“Sanctify them in the truth; your word is truth.” (John 17:17)
The Word of God is filled with significant words. Particularly important are those words which specifically direct us to the doctrine of salvation. These words include regeneration, justification, propitiation, redemption, reconciliation, and adoption. Also included in this list is the word sanctification.
Sanctification is the devoting or setting apart of anything to the worship or service of God. It may include the separation of utensils, buildings, or places from everyday secular uses for exclusive dedication to holy or sacred use. It also includes the separation of individuals to the worship or service of God.
Jesus specifically spoke of sanctification in His High Priestly Prayer. He prayed to God the Father that He would sanctify the disciples. The verb sanctify (ἁγίασον; hagiason) means to make holy and to dedicate.
As one Bible dictionary explains “sanctification involves more than a mere moral reformation of character, brought about by the power of the truth: it is the work of the Holy Spirit bringing the whole nature more and more under the influences of the new gracious principles implanted in the soul in regeneration. In other words, sanctification is the carrying on to perfection the work begun in regeneration, and it extends to the whole man (Rom. 6:13; 2 Cor. 4:6; Col. 3:10; 1 John 4:7; 1 Cor. 6:19).”
How are the disciples of Jesus to be sanctified? Jesus said “in the truth.” Truth (ἀληθείᾳ; aletheia) is that information which corresponds to reality. Notice that Jesus did not pray “in truth” but rather “in the truth.” Jesus had a particular source of truth in mind.
Jesus identifies the truth He had in mind in His next statement: “your word is truth.” The Word of God is the truth which sanctifies the believer resulting in increasing holiness. More than containing God’s truth, God’s Word “is” truth. It presently and actively exists as the truth of God.
Dr. John MacArthur writes, “Sanctification. This verb also occurs in John’s Gospel at v. 19 and 10:36. The idea of sanctification is the setting apart of something for a particular use. Accordingly, believers are set apart to serve the Lord exclusively so that the believer desires to obey God’s commands and walk in holiness (Lev. 11:44–45; 1 Pet. 1:16). Sanctification is accomplished by means of the truth, which is the revelation that the Son gave regarding all that the Father commanded him to communicate and is now contained in the Scriptures left by the apostles. Cf. Eph. 5:26; 2 Thess. 2:13; James 1:21; 1 Pet. 1:22–23.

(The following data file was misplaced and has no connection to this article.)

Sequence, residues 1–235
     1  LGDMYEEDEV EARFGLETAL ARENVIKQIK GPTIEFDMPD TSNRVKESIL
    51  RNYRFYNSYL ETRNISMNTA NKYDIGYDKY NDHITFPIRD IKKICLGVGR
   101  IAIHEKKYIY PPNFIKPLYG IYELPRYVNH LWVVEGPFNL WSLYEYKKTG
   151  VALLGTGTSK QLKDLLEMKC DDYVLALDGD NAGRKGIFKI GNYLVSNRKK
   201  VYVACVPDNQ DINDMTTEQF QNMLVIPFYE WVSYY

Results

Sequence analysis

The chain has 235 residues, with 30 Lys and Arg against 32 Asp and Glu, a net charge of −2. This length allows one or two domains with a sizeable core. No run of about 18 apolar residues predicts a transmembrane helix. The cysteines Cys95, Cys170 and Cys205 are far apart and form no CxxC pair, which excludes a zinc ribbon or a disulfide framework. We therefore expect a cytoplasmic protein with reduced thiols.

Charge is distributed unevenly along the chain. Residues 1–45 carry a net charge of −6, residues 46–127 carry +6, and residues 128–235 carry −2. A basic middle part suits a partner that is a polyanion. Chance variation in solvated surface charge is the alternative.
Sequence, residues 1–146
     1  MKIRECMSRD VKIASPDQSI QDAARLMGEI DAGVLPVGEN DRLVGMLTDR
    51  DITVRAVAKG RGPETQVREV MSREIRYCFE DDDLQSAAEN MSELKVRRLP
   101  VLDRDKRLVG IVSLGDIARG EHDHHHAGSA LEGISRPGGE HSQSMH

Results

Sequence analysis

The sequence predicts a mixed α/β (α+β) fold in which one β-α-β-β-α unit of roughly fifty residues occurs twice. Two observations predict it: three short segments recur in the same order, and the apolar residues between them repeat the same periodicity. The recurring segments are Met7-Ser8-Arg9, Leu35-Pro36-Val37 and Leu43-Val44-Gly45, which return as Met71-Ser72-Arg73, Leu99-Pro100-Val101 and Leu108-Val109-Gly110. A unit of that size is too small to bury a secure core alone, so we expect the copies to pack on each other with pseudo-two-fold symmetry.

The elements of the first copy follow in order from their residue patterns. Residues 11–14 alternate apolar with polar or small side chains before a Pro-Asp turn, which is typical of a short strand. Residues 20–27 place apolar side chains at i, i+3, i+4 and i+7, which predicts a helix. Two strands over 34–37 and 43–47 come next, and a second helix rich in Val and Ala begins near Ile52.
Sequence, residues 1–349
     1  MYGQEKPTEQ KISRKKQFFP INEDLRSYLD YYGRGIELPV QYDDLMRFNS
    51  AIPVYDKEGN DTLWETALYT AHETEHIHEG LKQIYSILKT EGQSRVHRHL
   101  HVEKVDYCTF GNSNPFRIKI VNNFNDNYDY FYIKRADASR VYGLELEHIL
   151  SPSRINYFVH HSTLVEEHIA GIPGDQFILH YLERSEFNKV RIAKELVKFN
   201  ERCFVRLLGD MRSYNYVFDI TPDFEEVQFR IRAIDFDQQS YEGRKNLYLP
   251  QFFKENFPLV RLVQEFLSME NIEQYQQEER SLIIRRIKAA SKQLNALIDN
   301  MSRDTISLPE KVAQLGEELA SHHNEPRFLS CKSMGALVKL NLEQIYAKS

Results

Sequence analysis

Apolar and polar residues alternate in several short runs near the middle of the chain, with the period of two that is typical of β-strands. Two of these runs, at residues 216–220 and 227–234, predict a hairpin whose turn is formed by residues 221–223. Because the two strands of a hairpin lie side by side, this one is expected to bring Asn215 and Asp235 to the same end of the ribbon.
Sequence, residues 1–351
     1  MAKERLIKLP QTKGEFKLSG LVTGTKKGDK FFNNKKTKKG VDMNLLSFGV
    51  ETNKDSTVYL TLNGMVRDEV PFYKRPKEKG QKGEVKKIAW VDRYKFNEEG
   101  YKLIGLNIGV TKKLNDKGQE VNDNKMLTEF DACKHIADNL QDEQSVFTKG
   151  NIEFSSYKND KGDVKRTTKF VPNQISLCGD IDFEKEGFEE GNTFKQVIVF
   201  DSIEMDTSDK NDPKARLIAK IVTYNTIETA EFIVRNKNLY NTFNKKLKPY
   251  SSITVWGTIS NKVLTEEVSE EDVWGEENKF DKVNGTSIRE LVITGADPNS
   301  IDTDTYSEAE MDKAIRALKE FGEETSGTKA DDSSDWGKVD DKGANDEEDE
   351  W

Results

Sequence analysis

I Peter 1:14-16 says, “As obedient children, do not be conformed to the passions of your former ignorance, but as he who called you is holy, you also be holy in all your conduct, since it is written, “You shall be holy, for I am holy.”
As Bible teacher Robert Rothwell concludes, “We are to pray for ourselves and for others that God would sanctify us in the truth of His Word (v. 17). God sets us apart from the world by making us more like Him, and He makes us more like Him by transforming us according to the renewing of our minds (Rom. 12:1–2). As we read Scripture, hear Scripture preached, study Scripture, and meditate on Scripture’s precepts, we learn to think God’s thoughts after Him. We begin to reflect His character more and more. We are equipped to go into the world as Jesus did, proclaiming the truth without compromise and calling people to repentance and faith.”
May each of us continue in this journey of sanctification, to the glory and praise of God (2 Peter 3:18).
May biblical truth and God’s grace reside here.
Soli deo Gloria!